Aside from the impressive and somewhat scary view of the waterfall, it was also possible to capture both Illilouette Fall and Half Dome in the same photograph (see photo at the top of this page).
I recalled that this wasn’t possible with our old point-and-shoot cameras, but I did manage it with a mild wide angle lens on a DSLR camera.
Since this lookout was not signposted, we thought it was pretty easy to miss if we weren’t paying attention.
However, we did realize that if we ended up at the footbridge crossing Illilouette Creek, we’d be upstream from the waterfall so that would mean we went too far to see its front.
This marked the turnaround point for us as the view of the waterfall was our goal.
However, on a separate hike, we managed to continue on the Panorama Trail past Illilouette Creek, which eventually joined up with the John Muir Trail.
The Yosemite Falls page described that section of the hike in detail.
Meanwhile, the Nevada Falls page and Vernal Fall page described the John Muir Trail and Mist Trail to wrap up the hike, which terminates at the Happy Isles Nature Center (overall loss of 3,200ft from Glacier Point).
As added motivation to do the entire 8.5-mile Panorama Trail, there’s also another opportunity to see Illilouette Fall again.
However, that won’t be until we would be on the paved last mile between the Vernal Fall footbridge and the Happy Isles Nature Center.
Indeed, the view of Illilouette Fall (which is about 1/4-mile from the Vernal Fall footbridge) would be in profile at an angle.
In order to realize the full 8.5-mile one-way shuttle hike, we managed to arrange to have one car parked at Curry Village while we drove up to Glacier Point first thing in the morning.
If that’s not a logistically palatable option, there’s also a Hiker’s Bus though reservations would be necessary due to the limited amount of space.
Experiencing Illilouette Fall – distant view from North Dome (Difficulty: 4.5)
Including this option to see Illilouette Fall was really my excuse to talk about the North Dome and Indian Rock Trail.
The very distant view of the waterfall from here was similar to that of the John Muir Trail in that we still got profile views of it.
However, the waterfall wasn’t the destination or goal in this excursion.
Indeed, it was really more about reaching the summit of North Dome while also being able to see Half Dome through the span of a rare natural arch (i.e. the Indian Rock Arch).
The trailhead for the shortest path to North Dome is located on the Summer-only Tioga Road (Road 120).
We had to look for a fairly large trailhead parking area or pullout besides the road near signpost T19.
Once we found the right parking spot, we then embarked on the long, nearly 10-mile trail (which includes the out-and-back spur to Indian Rock).
Combined with the altitude (we were probably close to 7,000ft or 8,000ft) plus the undulating nature of the hike, it was pretty tiring.
Eventually, we reached the final descent towards North Dome, which was where we were beginning to see the profile of Illilouette Fall.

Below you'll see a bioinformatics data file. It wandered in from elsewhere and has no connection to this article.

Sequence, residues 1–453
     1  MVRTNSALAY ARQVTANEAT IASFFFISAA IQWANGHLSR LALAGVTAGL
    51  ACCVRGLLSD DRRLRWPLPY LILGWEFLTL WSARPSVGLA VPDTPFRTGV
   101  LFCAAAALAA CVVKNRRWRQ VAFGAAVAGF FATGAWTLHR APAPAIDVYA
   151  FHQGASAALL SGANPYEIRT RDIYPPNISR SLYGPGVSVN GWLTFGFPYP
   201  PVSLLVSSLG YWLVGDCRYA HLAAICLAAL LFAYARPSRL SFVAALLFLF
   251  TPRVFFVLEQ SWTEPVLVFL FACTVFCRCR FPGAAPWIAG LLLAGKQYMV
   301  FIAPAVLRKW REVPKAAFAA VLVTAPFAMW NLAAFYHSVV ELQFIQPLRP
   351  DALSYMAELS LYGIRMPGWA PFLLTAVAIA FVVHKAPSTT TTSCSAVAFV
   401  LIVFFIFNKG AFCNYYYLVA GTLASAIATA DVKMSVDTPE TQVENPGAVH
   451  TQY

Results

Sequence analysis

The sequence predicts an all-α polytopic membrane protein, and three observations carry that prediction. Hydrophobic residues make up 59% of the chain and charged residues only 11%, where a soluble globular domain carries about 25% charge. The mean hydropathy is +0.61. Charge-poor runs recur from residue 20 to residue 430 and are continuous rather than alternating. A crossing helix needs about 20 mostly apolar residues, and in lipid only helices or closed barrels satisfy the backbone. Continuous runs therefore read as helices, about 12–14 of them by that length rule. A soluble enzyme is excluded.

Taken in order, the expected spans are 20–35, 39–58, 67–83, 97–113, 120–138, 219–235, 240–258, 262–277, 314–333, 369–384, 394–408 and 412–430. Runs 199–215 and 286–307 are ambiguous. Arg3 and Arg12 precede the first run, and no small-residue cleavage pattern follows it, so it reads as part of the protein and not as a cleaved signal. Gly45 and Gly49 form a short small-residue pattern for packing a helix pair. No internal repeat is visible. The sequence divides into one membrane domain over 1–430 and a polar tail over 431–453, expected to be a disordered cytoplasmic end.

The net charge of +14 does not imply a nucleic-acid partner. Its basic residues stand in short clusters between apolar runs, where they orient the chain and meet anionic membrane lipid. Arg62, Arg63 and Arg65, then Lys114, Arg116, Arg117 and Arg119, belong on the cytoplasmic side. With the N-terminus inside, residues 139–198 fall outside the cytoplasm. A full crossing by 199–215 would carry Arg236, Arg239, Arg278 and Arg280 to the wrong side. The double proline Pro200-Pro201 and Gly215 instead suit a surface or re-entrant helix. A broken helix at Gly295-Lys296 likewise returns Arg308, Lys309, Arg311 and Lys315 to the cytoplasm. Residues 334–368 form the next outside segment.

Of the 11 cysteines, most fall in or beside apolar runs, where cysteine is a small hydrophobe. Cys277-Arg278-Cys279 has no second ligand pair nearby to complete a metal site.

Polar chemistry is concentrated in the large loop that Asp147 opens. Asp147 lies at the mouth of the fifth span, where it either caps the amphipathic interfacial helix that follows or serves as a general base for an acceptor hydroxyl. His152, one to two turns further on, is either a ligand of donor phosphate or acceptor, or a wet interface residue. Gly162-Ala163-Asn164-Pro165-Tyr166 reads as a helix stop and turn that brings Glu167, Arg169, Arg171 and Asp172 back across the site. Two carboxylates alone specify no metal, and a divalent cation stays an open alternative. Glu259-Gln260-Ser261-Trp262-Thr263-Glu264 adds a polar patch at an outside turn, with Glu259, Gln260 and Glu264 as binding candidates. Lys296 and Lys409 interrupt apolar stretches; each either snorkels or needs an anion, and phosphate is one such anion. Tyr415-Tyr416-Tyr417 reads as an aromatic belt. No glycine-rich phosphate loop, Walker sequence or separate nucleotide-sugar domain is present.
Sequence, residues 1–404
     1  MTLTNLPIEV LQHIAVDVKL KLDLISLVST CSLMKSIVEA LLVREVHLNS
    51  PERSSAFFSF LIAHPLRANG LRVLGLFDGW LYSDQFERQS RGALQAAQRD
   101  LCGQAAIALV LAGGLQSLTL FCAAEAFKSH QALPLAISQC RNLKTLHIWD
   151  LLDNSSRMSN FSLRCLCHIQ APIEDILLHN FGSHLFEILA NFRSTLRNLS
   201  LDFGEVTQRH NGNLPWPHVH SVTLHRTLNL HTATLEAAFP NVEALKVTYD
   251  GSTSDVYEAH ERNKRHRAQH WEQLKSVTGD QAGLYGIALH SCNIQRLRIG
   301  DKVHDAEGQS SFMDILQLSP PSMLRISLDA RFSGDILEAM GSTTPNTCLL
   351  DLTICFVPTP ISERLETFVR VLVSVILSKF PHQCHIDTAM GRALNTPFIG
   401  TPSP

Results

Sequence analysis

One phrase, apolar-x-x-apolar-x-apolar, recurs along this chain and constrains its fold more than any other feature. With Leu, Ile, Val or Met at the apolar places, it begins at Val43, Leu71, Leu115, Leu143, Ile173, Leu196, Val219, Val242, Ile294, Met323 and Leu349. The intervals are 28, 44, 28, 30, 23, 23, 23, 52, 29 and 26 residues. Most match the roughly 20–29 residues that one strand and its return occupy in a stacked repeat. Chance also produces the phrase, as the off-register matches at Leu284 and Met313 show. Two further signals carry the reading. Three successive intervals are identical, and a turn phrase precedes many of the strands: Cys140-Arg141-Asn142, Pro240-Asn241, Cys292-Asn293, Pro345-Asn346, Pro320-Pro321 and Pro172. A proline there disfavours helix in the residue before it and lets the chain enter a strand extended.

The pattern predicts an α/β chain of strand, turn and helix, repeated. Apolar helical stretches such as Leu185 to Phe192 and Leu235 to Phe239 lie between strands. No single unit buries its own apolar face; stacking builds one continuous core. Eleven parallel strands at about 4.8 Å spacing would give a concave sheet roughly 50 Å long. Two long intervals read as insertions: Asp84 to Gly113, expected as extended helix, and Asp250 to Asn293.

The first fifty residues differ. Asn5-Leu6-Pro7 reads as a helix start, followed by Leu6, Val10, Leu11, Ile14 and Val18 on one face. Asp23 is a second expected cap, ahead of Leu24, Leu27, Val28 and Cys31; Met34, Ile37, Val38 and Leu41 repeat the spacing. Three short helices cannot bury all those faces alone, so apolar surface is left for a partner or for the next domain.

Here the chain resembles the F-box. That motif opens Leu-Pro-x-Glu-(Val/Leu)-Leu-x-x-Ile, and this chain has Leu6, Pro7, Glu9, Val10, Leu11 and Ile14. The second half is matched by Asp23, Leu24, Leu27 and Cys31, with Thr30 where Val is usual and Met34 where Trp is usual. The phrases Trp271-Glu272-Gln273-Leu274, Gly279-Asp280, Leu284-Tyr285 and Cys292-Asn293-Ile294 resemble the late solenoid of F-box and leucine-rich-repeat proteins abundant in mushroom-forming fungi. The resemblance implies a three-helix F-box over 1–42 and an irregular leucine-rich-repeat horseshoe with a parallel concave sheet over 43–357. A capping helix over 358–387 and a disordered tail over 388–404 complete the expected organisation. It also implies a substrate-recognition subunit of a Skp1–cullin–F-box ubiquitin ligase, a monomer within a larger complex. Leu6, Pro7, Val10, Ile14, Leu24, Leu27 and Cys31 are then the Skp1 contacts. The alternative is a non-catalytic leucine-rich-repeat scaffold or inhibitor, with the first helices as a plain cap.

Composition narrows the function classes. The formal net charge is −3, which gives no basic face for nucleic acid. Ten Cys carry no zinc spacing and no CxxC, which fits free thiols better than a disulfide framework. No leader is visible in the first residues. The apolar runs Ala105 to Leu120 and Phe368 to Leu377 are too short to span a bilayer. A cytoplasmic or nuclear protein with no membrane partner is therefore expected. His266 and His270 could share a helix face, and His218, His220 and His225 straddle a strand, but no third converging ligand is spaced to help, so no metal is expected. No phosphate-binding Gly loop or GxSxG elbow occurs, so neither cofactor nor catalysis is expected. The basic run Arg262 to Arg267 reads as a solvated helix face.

Ultimately, the descent then became an ascent up the slope of North Dome until we reached its summit.
Once there, we not only continued to get a distant view of Illilouette Fall, but we were also able to get a very frontal view of the face of Half Dome as well as a top down view into Yosemite Valley.
When we had our fill of North Dome, we headed back towards the trailhead.
But on the way back, we then took the 1/4-mile spur to Indian Rock.
That was where we climbed onto the rock itself, then sat and scooted our way towards the back of the span of the natural arch before us.
And upon gazing through the span, we could see the face of Half Dome fronted by trees.
Come to think of it, how many people do you know that can say they’ve seen Half Dome through the span of a natural arch?!?
Illilouette Fall resides in Yosemite National Park near El Portal in Mariposa County, California. It is administered by the National Park Service. For information or inquiries as well as current conditions, visit their website.
Illilouette Fall pretty much sat tucked away between Half Dome and Glacier Point.
So we’ll describe to you our preferred route to get all the way to Glacier Point from Los Angeles since that seems to be the most logical place to best experience this waterfall.
First, we had to get out of Los Angeles by going north on the I-5, then shortly after descending into the Grapevine, we then took the Hwy 99 (instead of the I-5) to get through Central Valley and eventually to Fresno.
Once at Fresno, we then took the Hwy 41 towards the southern entrance of Yosemite National Park.
Then, we continued on this road (now Wawona Road) leading to the Chinquapin Junction (roughly 30-45 minutes from the entrance; near Yosemite West).
At that point, we turned right onto Glacier Point Road and continued for the next 30 minutes or so to the road’s end at Glacier Point.
Overall, I’d imagine this drive would take about 6 hours.